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The main choices under facade refurbishment include; repair, insulate, over clad and reconstruct.

 

With much of the stock of tower blocks originating from the 1960’s and 1970’s in the UK., the building fabric of blocks would likely have required some refurbishment. The state of the building fabric would be influenced by:
- the quality of the construction – either defined by the workmanship of the original construction or by the design of its detailing
- the maintenance and repair policy of the building landlord
- the extent of vandalism imposed on the block

Undertaking a building condition survey, which would define the state of the exterior of the building, is important to undertake at the beginning of any refurbishment. Obtaining comments from tenants as to their observations of conditions is an additional means of detecting building defects.

 

REFURBISHMENT OPTIONS

 Basic

Overcladding

Add thermal insulation

Replace windows

Provide trickle vents

Provide draught stripping

Good

Provide solar shading

Increase size of openings

Enclose balconies

 Exemplary

Install photovoltaic cladding

Overcladding

 

Overcladding options for tower blocks include, insulation render and rainscreen cladding.

 

Rainscreen cladding

This comprises a resilient outer screen, usually a decorative cladding panel, supported on a vertically aligned timber, aluminium or steel sub-frame, which is fixed back to and supported by the primary building structure. A continuous void is maintained immediately behind the cladding panel and the entire system is ventilated at the base and head as well as at all penetrations.

 

Any moisture penetrating through the various joints in the cladding can be effectively removed by the provision of uninterrupted ventilation paths for the full height of the façade. Insulation and breather membranes can be incorporated into the cladding system, which provide the added benefit of eliminating both cold bridging and interstitial condensation, and enhancing the thermal performance of the structure.

 

Rendered finish

This typically has a rigid slab insulation directly mounted or pasted on the external surface of the the existing wall with an in-situ decorative coat of render on the outside.

 

Other considerations

 

Disturbance to residents

Overcladding process can take months to complete and requires the use of scaffolding. This may become an irritant to the residents in the building. Noise due to drilling may also become a nuisance. The disturbance could be minimised by restricting the time period; providing advance notice to the residents and providing alternative accommodation as retreats.

 

Balconies

Balconies and walkways can be fully enclosed to create buffer zones. If external wall insulation is not considered then enclosing the balconies etc. will also reduce the effect of the thermal bridges associated with them.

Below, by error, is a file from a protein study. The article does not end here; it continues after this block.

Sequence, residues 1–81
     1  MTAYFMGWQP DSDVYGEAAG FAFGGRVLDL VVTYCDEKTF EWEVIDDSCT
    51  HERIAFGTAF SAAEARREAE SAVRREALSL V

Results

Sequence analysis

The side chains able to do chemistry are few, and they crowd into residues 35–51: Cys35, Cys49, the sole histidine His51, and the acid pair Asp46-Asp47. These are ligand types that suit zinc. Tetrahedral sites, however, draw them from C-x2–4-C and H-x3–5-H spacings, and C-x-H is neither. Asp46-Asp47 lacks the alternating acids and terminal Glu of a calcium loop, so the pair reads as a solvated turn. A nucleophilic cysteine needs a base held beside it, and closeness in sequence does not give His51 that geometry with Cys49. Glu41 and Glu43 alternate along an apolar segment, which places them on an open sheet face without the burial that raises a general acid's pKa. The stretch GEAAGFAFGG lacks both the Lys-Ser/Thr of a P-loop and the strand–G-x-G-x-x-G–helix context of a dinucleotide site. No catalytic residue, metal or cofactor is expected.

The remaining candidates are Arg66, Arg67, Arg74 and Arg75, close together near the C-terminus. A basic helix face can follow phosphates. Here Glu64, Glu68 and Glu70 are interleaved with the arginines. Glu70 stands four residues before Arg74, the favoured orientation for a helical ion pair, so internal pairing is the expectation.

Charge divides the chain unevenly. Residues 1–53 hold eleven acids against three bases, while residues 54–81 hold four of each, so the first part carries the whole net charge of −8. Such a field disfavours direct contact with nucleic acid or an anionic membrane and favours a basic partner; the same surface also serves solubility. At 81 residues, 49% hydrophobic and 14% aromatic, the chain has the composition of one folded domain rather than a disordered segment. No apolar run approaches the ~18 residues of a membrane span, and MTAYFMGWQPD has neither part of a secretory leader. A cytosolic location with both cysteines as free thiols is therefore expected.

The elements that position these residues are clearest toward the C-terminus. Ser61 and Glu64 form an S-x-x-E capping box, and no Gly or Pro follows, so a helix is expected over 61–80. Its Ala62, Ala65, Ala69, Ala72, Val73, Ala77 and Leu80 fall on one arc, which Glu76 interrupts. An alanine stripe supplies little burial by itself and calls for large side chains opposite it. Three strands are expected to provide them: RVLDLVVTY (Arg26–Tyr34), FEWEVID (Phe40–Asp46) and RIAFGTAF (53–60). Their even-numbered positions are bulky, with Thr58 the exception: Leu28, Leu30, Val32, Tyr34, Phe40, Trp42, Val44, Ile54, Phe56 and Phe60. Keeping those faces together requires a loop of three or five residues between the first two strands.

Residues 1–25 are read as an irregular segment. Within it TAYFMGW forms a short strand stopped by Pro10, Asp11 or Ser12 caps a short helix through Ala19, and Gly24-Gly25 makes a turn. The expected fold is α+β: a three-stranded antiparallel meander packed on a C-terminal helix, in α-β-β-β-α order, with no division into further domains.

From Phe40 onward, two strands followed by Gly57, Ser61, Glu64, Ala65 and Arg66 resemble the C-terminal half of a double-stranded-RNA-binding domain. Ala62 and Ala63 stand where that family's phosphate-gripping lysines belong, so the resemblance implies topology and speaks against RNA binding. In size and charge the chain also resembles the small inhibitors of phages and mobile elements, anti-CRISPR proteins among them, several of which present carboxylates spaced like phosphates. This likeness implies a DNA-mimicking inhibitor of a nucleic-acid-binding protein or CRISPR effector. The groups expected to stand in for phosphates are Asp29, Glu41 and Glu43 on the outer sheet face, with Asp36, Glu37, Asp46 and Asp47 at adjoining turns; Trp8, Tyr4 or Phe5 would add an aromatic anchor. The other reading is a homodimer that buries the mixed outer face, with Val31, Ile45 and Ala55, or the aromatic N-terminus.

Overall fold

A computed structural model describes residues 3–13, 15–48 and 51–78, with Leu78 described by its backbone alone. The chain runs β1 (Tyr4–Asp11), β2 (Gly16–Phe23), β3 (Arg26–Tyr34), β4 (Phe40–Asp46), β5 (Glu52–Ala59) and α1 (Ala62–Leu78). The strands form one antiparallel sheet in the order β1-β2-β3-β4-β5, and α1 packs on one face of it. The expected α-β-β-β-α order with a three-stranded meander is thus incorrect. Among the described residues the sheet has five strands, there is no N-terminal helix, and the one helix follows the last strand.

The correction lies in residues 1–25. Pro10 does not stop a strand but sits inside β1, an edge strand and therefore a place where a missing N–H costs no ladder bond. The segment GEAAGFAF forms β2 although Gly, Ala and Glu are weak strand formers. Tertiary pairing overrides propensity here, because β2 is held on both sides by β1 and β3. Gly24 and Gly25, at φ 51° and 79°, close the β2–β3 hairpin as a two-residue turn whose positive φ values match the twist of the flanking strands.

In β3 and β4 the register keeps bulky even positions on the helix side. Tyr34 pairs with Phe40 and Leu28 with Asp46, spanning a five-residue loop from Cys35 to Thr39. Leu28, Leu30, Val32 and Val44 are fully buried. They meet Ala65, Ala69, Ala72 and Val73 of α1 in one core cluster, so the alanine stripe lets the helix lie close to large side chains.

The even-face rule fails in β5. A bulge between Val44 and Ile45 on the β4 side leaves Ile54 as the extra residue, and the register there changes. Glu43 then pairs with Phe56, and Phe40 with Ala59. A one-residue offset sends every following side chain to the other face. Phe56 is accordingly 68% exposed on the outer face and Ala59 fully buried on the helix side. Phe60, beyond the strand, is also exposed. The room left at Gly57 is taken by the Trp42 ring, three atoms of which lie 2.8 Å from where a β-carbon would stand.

Vandalism

External wall surfaces are prone to vandalism and graffiti. A more robust cladding may be required on the ground floor from the one above.

 

Maintenance

Some overcladding systems require frequent maintenance and access platforms need to be provided. Replacement of purpose-made parts may be expensive. Provision must be made to monitor the performance of all overcladding systems over time.

Access to the structure of the building i.e., columns, beams and slabs may be required to check for deterioration at regular intervals.

 

Building Life

Overcladding will not reinstate the structural integrity of the tower block nor prevent further degradation in buildings that have a problem with assembly or production of the existing components. Therefore, decision to overclad should be taken only after careful investigation of the existing condition. Overcladding may not increase the building life as much as expected [Harrison et al, 1986].

 

Benefits

The benefits external cladding of tower blocks include;

  • Restoration of existing facade

  • Extending the life of the building

  • Improving appearance and image

  • Provide thermal insulation & weather-tightness

  • Improve acoustical performance of the building

  • Lower maintenance cost

  • Preventing pedestrian injury from falling external surface.

Embodied energy: Cladding
Typical Cost

□  Timber cladding on existing external walls: £100/m2

- kiln dried un-treated larch rainscreen cladding; including breather membrane & fix to existing walls; excludes cost for repairing existing walls

 

□  Permarock External Wall Insulation System:

£100/m2

□  Aluminium cladding: £200/m2 -£240/m2

□  Galvanised steel cladding: £190/m2 -£220/m2

□  Terracotta cladding: £350/m2 -£400/m2

□  Rannila ‘Nordicon’ Large Panel with Render £160/m2

 

-All costs include 70-100mm external insulation

 

Funding opportunities:
  Energy Savings Trust

Also see:

□  Wall insulation

□  Innovations in Façade Technology

More information:

□  Energy efficient best practice

□  Harrison et al, 1986, Overcladding external walls of large panel system dwellings, BRE Bookshop, Watford, UK.

www.bath.ac.uk  

Suppliers:

  www.eclcontracts.co.uk

  www.rannila.com

□  www.permarock.com

To register as a supplier click here...

 

Wall Insulation

 

The purpose of re-insulation is to reduce the heat loss in the building. In addition to smaller heat losses the indoor climate will be improved at the same time. The indoor climate will be improved because the insulated outer walls reduce the heat loss through the fabric retaining inner room temperatures.

The preferred method of insulating facades is externally [overcladding]. This can be achieved  through Rainscreen cladding with insulation or insulated render. Overcladding can also help in reducing thermal cold bridging.